‘A Tale of Two Hills’ spotlights natural heritage and cultural narratives of Penang Hill and Maxwell Hill

Visual narratives on iconic hill stations and their communities.

A farmer harvesting roses (All photos: A Tale of Two Hills)

The colonial hill stations in the country, Penang Hill and Maxwell Hill, have their foundations rooted in the natural heritage and culture of the country. Communities that have lived or are living around them have stories to tell about life, livelihoods and how they connect with the land, the railway lines that carry people and goods up and down the tracks daily, and the stations — landmarks many can relate to and have fond memories of.

A Tale of Two Hills features eight visual narratives, four each on Penang and Taiping, focusing on sustainability, biodiversity and endemicity, society and the cultural impact of colonialism, migration and inter-generational dynamics of those who call the highlands homes.


The Maxwell Hill team documenting an old bungalow during their research

From farmers to traders to people who maintain residences in the hills and those who run the trains, many can trace their past to generations that came before them. Their stories, which remain largely untold, form the tapestry of life on the hill. The narrators sought out these folks and give them a voice.

Foo Wei Meng, Yeap Lee Hua, Oh Chin Eng and Ong Ke Shin focused on Penang Hill, while Antoine Loncle, Farahin Fadzlishah, Low Pey Sien and Wong Poh Yoke centred their work on Maxwell Hill.

Two exhibitions highlight what they discovered about Penang Hill (also known as Flagstaff Hill) and Maxwell Hill. They are being held, respectively, at Mano Plus, Lebuh Pantai, George Town (until March 2), and at Maxwell Basecamp, at the foot of Bukit Larut, Taiping (March 3).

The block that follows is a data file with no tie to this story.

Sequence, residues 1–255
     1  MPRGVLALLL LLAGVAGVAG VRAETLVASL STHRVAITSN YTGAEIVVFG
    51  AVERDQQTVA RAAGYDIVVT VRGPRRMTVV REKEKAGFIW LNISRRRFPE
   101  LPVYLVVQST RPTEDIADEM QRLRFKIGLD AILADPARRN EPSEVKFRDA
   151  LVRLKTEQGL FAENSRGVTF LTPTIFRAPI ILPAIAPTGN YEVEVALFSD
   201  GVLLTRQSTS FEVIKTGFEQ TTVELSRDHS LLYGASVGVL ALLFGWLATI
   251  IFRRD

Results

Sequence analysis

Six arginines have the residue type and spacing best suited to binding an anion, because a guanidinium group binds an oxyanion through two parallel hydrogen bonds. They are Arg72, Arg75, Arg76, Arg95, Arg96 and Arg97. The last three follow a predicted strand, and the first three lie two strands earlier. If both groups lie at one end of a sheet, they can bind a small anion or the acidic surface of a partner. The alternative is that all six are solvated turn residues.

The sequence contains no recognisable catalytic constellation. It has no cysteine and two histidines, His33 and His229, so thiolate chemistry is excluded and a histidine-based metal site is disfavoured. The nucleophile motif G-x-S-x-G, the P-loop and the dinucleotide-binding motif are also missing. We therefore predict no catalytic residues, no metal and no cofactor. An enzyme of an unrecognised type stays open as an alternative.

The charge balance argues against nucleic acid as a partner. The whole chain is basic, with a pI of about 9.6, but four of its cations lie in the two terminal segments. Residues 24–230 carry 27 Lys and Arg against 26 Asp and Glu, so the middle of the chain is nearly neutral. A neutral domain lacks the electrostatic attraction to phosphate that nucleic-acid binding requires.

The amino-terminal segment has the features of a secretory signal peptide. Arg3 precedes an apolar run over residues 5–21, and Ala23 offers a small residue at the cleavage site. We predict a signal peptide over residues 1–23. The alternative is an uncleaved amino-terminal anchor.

Penang Hill narrator Ong Ke Shin captured the daily lives of the farmers

On show are photographs, illustrations, videos and written texts depicting what the artists found on their individual journeys over six months of a mentorship programme supported by Habitat Foundation and Think City, under its Northern Region Archaeotourism Network.

The programme aims to encourage the creatively inclined to document images and stories of the iconic hill stations and their relationship with the communities around them.

From a farmer who chooses to plant roses to monks and caretakers of temples to hikers who trek up different trails a few times weekly following different trails, there are reasons these people lift up their eyes to Penang Hill.

A nature enthusiast is enticed by the unknown at Maxwell; an outsider seeking the spirit of the place grasps the hands that have been raising her; while an antique dealer and a barber tell why they love the blue hills that embrace their town. Various communities make up the faces of Maxwell Hill and each has something unique to say about it.


A farmer sorting out his harvest of lemongrass

Mentors guided the narrators as they developed their concepts and translated them into visuals. The Penang team worked with anthropologist Wan Atikah bt Wan Yusof. In Taiping, Liew Suet Fun, author of Beguiled on Larut Hills, provided support to the Maxwell Hill narrators. Photography artist and cultural worker Jeffrey Lim was the overall coordinator.

A Tale of Two Hills is a first step towards capturing a little of the magic of our hills and our collective heritage,” says Justine Vaz, executive director of Habitat Foundation.

For more information on the exhibition, see here.


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